Objective: Anti-inflammatory therapies are effective analgesics for OA. This study determined whether low-dose oral prednisolone (PNL) was an effective analgesic for hand OA.
Methods: This was a randomized, double-blind, placebo-controlled trial of people with ACR criteria hand OA and baseline hand pain visual analogue scale (VAS) of >40/100 mm. Participants received 5 mg PNL or placebo daily for 4 weeks. Pain VAS, disease activity VAS, Australian/Canadian Hand Osteoarthritis Index and joint counts were performed at baseline, 4 and 12 weeks. Primary outcome was the change in hand pain VAS at 4 weeks. Analysis of covariance was used for analysis, controlling for baseline values. To explore potential mechanism of action of PNL, non-contrast 0.2 Tesla MRI was performed on the most painful hand at baseline and 4 weeks.
Results: A total of 70 participants were recruited (57 women, mean age 61 years, mean baseline pain VAS 61.5 mm); 75% had more than one joint with definite MRI synovitis/effusion. At 4 weeks the adjusted mean reduction in pain VAS was 19.9 mm (PNL group) and 16.8 mm (placebo group) (P = 0.54). There were no statistically significant differences in VAS, Australian/Canadian Hand Osteoarthritis Index or joint counts between placebo and PNL groups at 4 or 12 weeks. A total of 20 participants in each group achieved an Outcome Measures in Rheumatology-Osteoarthritis Research Society International response. Baseline synovitis/effusion did not predict response to treatment.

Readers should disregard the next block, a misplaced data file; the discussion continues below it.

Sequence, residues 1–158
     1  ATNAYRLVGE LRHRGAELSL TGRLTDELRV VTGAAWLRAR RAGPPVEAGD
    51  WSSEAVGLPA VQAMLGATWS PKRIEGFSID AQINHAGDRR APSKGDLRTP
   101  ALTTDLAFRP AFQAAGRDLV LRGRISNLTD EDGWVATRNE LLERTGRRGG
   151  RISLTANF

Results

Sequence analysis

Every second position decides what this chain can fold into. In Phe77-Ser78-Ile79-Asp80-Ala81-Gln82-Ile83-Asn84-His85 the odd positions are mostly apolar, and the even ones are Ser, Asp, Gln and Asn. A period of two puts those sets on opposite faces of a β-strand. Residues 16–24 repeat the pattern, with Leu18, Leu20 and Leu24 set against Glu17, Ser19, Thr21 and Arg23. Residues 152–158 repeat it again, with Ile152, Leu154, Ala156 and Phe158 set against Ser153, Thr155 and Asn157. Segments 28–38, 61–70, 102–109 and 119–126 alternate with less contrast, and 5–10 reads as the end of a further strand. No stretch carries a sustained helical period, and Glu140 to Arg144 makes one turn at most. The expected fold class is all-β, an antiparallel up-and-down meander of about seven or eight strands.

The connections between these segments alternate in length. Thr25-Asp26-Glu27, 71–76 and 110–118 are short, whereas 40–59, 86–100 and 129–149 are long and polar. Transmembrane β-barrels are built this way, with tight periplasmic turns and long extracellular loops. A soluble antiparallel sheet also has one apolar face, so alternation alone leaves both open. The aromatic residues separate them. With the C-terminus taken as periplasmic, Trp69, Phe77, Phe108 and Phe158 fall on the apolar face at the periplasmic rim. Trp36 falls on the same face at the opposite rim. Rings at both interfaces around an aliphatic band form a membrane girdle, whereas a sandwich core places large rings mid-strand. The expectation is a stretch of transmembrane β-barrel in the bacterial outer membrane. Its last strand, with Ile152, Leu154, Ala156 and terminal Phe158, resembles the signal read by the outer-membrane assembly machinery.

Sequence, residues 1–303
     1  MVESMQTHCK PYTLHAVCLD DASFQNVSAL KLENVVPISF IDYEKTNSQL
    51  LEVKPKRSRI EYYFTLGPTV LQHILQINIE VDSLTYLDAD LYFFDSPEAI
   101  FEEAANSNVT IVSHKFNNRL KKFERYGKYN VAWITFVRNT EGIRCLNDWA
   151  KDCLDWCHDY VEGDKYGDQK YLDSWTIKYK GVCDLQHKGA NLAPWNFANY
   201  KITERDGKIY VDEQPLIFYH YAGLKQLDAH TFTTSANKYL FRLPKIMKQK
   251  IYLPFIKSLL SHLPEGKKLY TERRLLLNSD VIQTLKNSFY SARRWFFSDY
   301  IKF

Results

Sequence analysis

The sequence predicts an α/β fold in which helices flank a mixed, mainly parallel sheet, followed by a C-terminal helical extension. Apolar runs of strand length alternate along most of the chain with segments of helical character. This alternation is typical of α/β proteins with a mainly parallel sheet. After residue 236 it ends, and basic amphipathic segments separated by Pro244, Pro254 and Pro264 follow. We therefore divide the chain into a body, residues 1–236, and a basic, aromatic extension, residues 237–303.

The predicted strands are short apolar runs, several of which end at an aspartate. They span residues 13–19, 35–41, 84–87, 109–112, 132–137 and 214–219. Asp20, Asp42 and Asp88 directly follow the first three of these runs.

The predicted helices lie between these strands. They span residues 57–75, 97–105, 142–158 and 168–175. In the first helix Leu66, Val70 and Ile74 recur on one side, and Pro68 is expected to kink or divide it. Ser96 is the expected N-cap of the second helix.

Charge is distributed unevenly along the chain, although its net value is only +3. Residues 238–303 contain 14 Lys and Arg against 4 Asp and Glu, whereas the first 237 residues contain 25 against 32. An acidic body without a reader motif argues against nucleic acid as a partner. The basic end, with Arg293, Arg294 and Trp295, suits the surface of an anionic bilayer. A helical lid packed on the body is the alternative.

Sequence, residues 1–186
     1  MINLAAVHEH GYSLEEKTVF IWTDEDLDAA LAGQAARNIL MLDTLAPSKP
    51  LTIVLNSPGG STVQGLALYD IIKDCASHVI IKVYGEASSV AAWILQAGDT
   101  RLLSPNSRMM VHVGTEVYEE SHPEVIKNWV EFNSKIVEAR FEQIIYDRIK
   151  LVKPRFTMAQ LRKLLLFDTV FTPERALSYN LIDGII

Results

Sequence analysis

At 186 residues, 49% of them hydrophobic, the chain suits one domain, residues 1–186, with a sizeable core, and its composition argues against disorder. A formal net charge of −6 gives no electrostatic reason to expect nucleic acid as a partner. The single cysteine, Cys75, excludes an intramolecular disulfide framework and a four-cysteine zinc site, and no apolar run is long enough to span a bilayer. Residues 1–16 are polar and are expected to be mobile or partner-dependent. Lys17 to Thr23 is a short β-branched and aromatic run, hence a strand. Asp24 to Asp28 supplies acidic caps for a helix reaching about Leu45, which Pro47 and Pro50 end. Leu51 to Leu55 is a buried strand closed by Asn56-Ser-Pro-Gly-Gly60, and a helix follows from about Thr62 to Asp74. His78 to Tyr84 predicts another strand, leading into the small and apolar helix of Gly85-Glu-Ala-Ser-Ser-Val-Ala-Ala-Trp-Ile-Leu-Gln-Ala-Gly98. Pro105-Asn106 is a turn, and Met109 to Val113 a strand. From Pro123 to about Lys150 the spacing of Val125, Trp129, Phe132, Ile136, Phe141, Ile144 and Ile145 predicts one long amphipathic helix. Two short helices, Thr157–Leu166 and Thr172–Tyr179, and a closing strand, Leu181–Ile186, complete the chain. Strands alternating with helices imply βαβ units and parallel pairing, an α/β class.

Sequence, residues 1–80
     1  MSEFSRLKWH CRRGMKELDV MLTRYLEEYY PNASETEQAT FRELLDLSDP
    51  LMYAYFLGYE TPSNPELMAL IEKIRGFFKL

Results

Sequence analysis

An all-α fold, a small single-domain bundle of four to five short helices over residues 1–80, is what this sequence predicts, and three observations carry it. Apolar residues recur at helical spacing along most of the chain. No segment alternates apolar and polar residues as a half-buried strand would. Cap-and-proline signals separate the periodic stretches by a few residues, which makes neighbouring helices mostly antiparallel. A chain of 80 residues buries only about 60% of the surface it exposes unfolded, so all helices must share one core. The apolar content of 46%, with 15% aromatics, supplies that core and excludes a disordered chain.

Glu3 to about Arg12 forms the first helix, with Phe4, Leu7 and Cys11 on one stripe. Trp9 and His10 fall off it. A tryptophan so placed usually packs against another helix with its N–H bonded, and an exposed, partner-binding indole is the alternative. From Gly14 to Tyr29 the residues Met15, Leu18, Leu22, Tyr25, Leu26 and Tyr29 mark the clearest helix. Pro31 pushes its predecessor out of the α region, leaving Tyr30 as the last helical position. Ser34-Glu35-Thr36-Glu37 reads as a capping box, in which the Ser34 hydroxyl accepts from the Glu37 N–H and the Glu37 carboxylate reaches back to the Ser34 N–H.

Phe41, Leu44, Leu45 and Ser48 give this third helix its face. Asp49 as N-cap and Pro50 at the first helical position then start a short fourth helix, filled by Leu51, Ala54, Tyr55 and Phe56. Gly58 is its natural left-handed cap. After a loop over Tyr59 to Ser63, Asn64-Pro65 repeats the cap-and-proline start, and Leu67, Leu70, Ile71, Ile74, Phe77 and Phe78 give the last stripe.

Conclusion: This is the first randomized controlled trial of low-dose corticosteroid alone for painful hand OA, which demonstrated that short-term low-dose oral PNL is not an effective analgesic treatment for hand OA.
Trial registration: International Standard Randomised Controlled Trial Number Register, www.isrctn.org, Trial number 99697616.